About the ACA
The Appalachian College Association is a non-profit consortium of 35 private four-year liberal arts institutions spread across the central Appalachian Mountains in Kentucky, North Carolina, Tennessee, Virginia, and West Virginia. Collectively these higher education institutions serve over 54,000 students.
The Association helps develop and share ideas, information, programs and resources to achieve its goals, which include promoting cooperation and collaboration among its member institutions to serve the people of Appalachia through higher education and related services. The ACA functions independently of any one institution to serve all its members.
More important than who we are is what we have done and what we expect to do. Our primary efforts are directed toward strengthening our faculty by helping them stay current in their subject matter through graduate and post-graduate study and research; giving students research experiences that supplement their basic academic courses; and encouraging each institution to reach out in service to its community and region through a variety of programs.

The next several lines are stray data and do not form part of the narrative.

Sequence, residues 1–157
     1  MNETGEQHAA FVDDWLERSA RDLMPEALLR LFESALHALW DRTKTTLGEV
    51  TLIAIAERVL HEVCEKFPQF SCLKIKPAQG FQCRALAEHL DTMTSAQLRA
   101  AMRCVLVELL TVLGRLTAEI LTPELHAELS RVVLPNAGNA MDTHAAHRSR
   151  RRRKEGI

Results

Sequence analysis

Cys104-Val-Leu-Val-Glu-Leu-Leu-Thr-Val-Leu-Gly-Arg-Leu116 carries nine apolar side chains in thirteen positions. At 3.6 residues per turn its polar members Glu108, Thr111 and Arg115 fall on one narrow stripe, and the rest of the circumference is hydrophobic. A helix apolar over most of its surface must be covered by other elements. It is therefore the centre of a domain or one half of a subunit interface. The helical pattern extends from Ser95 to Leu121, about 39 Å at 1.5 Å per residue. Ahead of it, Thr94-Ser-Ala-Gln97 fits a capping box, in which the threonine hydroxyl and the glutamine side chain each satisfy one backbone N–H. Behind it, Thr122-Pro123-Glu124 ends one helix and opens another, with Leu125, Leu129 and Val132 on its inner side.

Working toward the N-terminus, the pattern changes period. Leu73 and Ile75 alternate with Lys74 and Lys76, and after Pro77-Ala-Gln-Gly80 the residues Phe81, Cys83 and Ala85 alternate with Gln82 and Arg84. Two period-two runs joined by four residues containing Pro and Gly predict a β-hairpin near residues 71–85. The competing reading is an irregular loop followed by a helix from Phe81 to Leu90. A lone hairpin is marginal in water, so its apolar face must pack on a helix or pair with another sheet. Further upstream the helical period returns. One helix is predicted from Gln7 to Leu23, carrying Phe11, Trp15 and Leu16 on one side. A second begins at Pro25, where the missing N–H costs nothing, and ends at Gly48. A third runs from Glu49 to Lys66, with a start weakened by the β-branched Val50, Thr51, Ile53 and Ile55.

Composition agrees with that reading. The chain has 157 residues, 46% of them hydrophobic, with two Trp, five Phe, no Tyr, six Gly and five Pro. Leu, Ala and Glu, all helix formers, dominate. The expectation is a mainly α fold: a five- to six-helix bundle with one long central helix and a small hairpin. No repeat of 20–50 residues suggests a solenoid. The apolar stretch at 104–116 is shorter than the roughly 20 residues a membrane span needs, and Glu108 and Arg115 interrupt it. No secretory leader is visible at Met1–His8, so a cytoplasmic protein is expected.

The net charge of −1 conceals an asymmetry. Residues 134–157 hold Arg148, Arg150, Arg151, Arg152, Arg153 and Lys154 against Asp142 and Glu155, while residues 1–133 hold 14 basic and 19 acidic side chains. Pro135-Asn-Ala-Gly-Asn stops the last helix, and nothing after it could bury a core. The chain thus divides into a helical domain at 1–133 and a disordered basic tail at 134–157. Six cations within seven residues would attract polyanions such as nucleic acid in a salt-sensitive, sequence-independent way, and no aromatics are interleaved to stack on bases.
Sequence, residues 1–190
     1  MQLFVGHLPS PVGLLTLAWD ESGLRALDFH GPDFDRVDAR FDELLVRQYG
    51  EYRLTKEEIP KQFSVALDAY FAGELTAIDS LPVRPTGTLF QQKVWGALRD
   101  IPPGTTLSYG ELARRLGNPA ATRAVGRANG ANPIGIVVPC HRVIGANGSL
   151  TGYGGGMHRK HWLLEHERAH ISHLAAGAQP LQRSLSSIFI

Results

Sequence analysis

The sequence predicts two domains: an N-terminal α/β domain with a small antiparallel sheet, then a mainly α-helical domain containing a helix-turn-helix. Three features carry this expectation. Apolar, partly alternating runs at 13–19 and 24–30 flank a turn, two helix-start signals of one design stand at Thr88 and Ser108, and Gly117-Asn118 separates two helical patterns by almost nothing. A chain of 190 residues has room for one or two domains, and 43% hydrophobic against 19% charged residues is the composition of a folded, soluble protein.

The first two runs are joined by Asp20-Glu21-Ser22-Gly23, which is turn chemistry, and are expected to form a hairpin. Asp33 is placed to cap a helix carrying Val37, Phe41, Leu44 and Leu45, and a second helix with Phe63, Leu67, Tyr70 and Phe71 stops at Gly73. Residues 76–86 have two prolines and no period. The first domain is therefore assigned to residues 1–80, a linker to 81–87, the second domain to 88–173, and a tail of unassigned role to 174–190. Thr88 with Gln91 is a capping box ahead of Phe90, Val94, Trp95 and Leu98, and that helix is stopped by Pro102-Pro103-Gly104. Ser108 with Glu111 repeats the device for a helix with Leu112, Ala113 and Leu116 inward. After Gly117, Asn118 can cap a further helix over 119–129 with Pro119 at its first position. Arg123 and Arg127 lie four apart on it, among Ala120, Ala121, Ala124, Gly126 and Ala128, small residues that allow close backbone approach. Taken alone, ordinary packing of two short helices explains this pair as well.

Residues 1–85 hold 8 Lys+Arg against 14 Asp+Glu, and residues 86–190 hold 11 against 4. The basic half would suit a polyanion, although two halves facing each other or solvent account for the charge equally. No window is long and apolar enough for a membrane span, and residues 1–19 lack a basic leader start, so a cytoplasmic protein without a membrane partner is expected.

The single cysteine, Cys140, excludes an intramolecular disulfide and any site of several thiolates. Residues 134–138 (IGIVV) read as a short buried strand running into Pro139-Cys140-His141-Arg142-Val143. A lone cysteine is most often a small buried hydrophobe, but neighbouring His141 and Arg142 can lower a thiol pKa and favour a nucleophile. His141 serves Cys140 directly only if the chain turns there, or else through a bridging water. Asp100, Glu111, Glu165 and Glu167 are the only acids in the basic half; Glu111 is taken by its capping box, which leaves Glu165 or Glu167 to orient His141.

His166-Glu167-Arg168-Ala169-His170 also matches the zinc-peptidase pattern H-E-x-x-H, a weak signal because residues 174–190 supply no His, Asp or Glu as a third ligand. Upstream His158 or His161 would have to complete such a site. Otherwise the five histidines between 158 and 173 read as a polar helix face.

The ACA developed from a grant-funded project at the University of Kentucky over a 10-year period between 1980-1989. In 1990, the ACA became an independent organization, and in 1993 became its own tax-exempt classification under Section 501(c)(3) of the 1986 Internal Revenue Service Code. The ACA's purpose is exclusively educational under this designation. Governance is by a board comprised of member institutions presidents and an executive committee, which is elected by the board each year.
Six research universities in the region (University of Kentucky, University of North Carolina, University of Tennessee, West Virginia University, University of Virginia, and Virginia Tech) are affiliated with the ACA. These institutions assist the ACA in reviewing grant and fellowship applications, conducting workshops and providing technical assistance.
The assets of the ACA have grown from less than $1 million to over $30 million due primarily to the generosity of the foundations that have continued to fund its programs to benefit central Appalachia.